The Grocery CEOs Visit Parliament
The House of Commons Agriculture and Agri-Food Committee recently invited the CEOs of Canada’s three largest supermarket chains (Loblaws, Sobeys, and Metro – who together control around two-thirds of all food retailing in Canada) to testify as part of their inquiry into food inflation. Their visit made for high political theatre, and generated widespread media coverage.
Centre for Future Work director Jim Stanford, who previously testified to that same Commons committee, appeared in several news segments and news stories:
The debate over the role of excess profits – not just in supermarkets, but in other links in the food supply chain, including energy prices and food manufacturing – will continue. Grocery prices have risen almost twice as fast in the last 12 months as the overall consumer price index, and supermarkets continue to capture record profits from escalating prices. The anger expressed by Canadians about this is legitimate.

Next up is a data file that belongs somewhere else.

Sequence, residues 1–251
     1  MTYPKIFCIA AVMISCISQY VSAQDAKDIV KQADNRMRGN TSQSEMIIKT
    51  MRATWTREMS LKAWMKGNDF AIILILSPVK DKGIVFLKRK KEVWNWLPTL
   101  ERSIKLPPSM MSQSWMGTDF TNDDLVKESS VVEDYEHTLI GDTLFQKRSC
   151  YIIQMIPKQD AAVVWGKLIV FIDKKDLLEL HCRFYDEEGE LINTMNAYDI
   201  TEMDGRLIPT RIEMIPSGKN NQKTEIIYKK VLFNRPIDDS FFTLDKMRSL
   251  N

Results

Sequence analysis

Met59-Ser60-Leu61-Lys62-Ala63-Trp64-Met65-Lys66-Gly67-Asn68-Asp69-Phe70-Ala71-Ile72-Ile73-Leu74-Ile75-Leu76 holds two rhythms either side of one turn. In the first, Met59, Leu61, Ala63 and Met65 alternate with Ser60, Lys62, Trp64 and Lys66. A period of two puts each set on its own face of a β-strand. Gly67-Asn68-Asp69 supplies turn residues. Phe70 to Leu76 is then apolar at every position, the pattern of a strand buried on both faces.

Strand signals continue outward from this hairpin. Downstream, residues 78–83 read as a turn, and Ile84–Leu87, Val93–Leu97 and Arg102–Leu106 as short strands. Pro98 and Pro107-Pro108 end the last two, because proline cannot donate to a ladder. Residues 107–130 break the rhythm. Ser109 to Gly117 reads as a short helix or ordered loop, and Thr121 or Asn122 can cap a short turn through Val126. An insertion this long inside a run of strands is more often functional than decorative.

Policies for fixing this problem are complex and multi-faceted; some are explored in the recent Centre for Future Work – Canadian Labour Congress co-publication, A Cure Worse than the Disease. But at least the Members of Parliament who grilled the CEOs are on the right track, in identifying greed and profit-taking as significant causes of the inflation Canadians are facing. That’s more accurate than trying to blame workers for the problem, as the Bank of Canada has tried to do: blaming low unemployment and wage growth as the causes of rising prices, and then imposing record hikes in interest rates to lift unemployment and weaken wages.